What you should know about Alma

By on June 24, 2022

(Corolla Wild Horse Fund)

Alma’s wounds are being closely monitored. (Corolla Wild Horse Fund)

This update on Alma was posted early on the morning of July 20 by the Corolla Wild Horse Fund.

We have some great news to report this morning – Alma has joined up with a new group of horses! Way to go, girl! We knew she would figure it out. She’s with stallion Cowboy, mares Daisy and Shala, and Shala’s three year old son Renzi. The wounds on her face are healed, she’s in excellent physical condition, and now she’s got friends too. There’s a lot to be said for trusting the horses, trusting nature, and doing what’s best even when it’s hard on our human emotions. Excited to see what the future holds for this special mare!

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This update on Alma was posted early on the morning of June 24 by the Corolla Wild Horse Fund.

We’ve been getting a ton of calls about two-year-old mare Alma — hopefully, this post will help answer some questions and spread the word about what everyone can do to help us ensure she stays safe, healthy and wild.

Of particular note, as you can see from the photo Alma has wounds on both sides of her face, probably from being bit. Our vet has been consulted and has advised that they are clean and healing well, and not anything to be too worried about. We will continue to remain in close contact with our vet, but there is no reason at this point to be concerned for Alma’s physical well-being.

Earlier this spring, Alma was pushed out of the harem she born into. The stallion (who is most likely her father, but DNA will confirm) became aggressive towards her and would not let her get close to the rest of the mares. Alma is often alone on the beach and to human observers seems lost, which is understandably concerning. It may be difficult to see, but we have to remember that these are wild horses behaving naturally. It’s what eventually happens to each and every young horse, though Alma’s situation is a little unique.

Alma’s family lives in an area with a low population of horses— it’s just them for over a mile. Normally, a mare that’s pushed out of her harem would quickly be scooped up by another stallion but there just aren’t any other harems close by for Alma to assimilate into. The good news is she finally seems to be migrating north, towards more densely populated areas. We are keeping our fingers crossed that she comes across a welcoming group soon.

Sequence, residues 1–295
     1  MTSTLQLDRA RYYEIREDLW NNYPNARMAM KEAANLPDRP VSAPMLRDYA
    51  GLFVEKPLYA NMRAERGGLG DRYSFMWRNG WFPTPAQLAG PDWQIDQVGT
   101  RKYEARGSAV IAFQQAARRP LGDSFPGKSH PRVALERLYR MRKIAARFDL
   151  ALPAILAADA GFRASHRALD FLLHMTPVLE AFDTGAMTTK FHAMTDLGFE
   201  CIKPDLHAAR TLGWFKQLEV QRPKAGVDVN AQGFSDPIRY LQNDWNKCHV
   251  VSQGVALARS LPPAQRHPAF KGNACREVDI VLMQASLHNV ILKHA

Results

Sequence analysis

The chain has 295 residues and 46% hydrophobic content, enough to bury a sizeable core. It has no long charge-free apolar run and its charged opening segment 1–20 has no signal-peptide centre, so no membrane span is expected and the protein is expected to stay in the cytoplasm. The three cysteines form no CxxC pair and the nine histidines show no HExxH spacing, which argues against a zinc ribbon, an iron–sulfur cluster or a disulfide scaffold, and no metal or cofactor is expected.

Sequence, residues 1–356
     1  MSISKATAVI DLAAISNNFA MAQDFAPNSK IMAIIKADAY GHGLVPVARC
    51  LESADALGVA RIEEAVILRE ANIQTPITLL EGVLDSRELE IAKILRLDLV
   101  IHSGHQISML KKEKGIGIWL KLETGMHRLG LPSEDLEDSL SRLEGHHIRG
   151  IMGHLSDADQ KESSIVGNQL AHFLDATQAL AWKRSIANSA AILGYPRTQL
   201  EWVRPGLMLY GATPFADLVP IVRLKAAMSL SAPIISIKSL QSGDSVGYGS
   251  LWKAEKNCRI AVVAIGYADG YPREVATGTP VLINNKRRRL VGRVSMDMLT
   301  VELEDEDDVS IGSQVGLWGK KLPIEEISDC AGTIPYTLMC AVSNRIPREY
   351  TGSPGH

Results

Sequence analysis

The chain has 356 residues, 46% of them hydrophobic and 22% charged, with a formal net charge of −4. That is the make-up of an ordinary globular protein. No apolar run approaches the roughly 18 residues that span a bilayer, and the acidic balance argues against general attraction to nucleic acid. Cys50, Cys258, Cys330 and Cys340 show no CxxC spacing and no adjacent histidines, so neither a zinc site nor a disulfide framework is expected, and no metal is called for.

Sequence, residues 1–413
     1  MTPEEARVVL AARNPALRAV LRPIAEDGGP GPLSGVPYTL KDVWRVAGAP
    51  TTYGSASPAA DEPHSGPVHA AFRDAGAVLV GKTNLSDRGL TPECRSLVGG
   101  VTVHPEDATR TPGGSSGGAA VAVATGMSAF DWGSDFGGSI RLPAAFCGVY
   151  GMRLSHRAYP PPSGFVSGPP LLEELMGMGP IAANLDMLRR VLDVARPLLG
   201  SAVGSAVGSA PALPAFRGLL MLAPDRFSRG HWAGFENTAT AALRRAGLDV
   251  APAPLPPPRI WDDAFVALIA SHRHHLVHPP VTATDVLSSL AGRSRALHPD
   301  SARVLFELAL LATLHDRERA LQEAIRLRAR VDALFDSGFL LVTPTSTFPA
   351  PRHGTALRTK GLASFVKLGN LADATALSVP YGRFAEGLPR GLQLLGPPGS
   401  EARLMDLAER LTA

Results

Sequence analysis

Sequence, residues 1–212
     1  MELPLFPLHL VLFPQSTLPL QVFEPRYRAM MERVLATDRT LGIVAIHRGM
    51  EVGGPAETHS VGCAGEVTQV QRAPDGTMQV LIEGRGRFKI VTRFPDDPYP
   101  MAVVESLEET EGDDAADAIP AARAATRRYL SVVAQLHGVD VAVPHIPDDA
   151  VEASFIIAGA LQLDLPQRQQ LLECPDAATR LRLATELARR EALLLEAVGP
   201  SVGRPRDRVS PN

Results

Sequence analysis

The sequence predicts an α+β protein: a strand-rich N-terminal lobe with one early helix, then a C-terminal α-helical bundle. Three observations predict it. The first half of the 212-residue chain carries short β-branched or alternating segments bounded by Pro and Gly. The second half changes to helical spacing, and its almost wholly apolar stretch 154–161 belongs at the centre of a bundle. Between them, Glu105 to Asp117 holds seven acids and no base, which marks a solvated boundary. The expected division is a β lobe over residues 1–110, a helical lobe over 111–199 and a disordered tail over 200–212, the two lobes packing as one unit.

What we are most concerned about is the fact that Alma seems to be getting increasingly habituated. She’s been approaching and following people and is getting very close to vehicles. We are asking that all visitors please do everything possible to discourage this behavior if you happen to encounter Alma. Get into your vehicle, wave your arms around to scare her away from you, and definitely do not pet her or give her any positive attention at all. We want Alma to be completely disinterested in humans – afraid of them, even. She is in a very vulnerable position right now, where she is young, impressionable, and unfortunately alone. We want her to be seeking out the company of other horses, not people.


To learn more about the Corolla Wild Horse Fund or to supoort them, visit www.corollawildhorses.com

 

 

 




Comments

  • Fat Old Guy

    Wave your arms and scare people away? Okay.
    As an alternative….
    How about deputies BEHIND the dunes to discourage
    folks from petting and feeding? How about deputies behind
    the dues preventing the tour company with the blue tops
    from corralling the horses?
    Just a thought.

    Saturday, Jun 25 @ 9:05 am
  • Jokes

    Horse tour companies chase them down corral them up and they get agitated. Where’s the deputies enforcing horse tour regulations? Hate to say it but it’s time just to relocate all of them the fat old guy said it best the white trucks with the blue tops and the brown Hummers terrible to see what they do

    Saturday, Jun 25 @ 4:01 pm
  • Scott

    It is definitely time to get the horses out of Carova Beach. Nobody follows the rules regarding the horses, so they may as well be relocated somewhere far away where they can live in peace.

    Tuesday, Jun 28 @ 3:17 pm